Purine bases such as adenine and guanine, arising from the degradation of nucleic acids are conveyed to the liver in the blood. Deamination produces hypoxanthine and xanthine, respectively, and these are ultimately oxidised to uric acid Xanthine oxidase is the enzyme that catalyses such oxidations. Uric acid levels in the blood tend to rise when cells are being destroyed and nucleoprotein liberated, for example in leukaemia and in some stages of pneumonia. Xanthine oxidase also catalyses the oxidation of aldehydes to carboxylic acids; as with purines, these oxidations are formally hydroxylations in which the hydroxyl function derives from the solvent. Although xanthine oxidase is widely distributed in mammals, milk and calf liver being particularly good sources, its biological significance is not clear. Since aldehydes do not appear in appreciable quantities in mammals and since the oxidation of purines by molecular oxygen is among the fastest reactions catalysed by xanthine oxidase, it is assumed that the catalysis of purine and aldehyde oxidations are the principal roles of the enzyme. However, the absence of xanthine-oxidase activity does not appear to have severe pathological consequences, at least in humans. A patient apparently totally lacking xanthine-oxidase activity suffered no more than a xanthine stone in the urine29.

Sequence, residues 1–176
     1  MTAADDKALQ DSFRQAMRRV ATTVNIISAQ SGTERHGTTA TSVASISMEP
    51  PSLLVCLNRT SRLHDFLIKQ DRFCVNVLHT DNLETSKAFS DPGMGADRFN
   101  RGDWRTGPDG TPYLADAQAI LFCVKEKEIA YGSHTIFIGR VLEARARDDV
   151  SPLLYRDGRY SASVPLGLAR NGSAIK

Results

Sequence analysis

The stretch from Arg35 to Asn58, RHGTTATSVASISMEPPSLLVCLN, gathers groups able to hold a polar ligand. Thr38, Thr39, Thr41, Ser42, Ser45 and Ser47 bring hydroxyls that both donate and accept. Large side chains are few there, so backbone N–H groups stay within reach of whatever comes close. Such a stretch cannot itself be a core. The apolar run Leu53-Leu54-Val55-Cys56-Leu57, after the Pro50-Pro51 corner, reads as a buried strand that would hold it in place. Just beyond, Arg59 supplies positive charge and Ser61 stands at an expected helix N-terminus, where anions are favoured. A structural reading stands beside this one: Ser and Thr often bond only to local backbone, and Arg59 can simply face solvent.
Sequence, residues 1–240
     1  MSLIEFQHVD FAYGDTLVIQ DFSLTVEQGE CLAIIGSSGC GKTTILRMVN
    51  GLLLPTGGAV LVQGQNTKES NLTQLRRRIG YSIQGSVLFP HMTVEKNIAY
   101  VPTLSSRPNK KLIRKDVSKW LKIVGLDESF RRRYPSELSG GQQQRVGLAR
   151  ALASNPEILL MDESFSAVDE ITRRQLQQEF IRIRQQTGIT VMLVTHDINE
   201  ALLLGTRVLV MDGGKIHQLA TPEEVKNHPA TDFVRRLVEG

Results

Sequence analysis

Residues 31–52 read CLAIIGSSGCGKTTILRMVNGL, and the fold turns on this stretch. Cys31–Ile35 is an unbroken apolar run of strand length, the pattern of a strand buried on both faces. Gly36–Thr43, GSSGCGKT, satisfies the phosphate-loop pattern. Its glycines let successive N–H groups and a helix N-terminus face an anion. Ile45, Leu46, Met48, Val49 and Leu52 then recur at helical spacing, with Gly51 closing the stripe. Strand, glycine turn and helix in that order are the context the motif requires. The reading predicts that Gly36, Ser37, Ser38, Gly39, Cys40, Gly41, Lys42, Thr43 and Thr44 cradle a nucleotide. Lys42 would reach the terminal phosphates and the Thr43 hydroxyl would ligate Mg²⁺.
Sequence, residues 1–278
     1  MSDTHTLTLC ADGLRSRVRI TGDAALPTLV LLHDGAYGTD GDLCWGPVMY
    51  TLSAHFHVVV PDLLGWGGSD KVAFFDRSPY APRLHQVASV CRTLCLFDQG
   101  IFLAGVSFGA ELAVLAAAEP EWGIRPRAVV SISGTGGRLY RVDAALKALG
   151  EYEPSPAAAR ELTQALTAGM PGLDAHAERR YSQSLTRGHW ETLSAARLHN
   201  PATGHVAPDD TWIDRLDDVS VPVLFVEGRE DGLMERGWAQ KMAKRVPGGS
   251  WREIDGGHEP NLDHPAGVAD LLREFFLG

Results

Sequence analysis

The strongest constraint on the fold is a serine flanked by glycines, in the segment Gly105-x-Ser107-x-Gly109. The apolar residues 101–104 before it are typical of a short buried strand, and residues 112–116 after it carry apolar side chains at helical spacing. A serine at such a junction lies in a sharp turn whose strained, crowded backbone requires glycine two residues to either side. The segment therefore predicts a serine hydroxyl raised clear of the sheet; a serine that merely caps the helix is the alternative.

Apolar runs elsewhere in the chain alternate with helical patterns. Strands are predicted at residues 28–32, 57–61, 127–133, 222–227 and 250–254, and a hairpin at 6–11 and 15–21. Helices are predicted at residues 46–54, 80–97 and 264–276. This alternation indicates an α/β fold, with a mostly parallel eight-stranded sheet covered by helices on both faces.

KeywordsNitrate Reductase Xanthine Oxidase Aldehyde Oxidase Inactive Enzyme Rapid Signal
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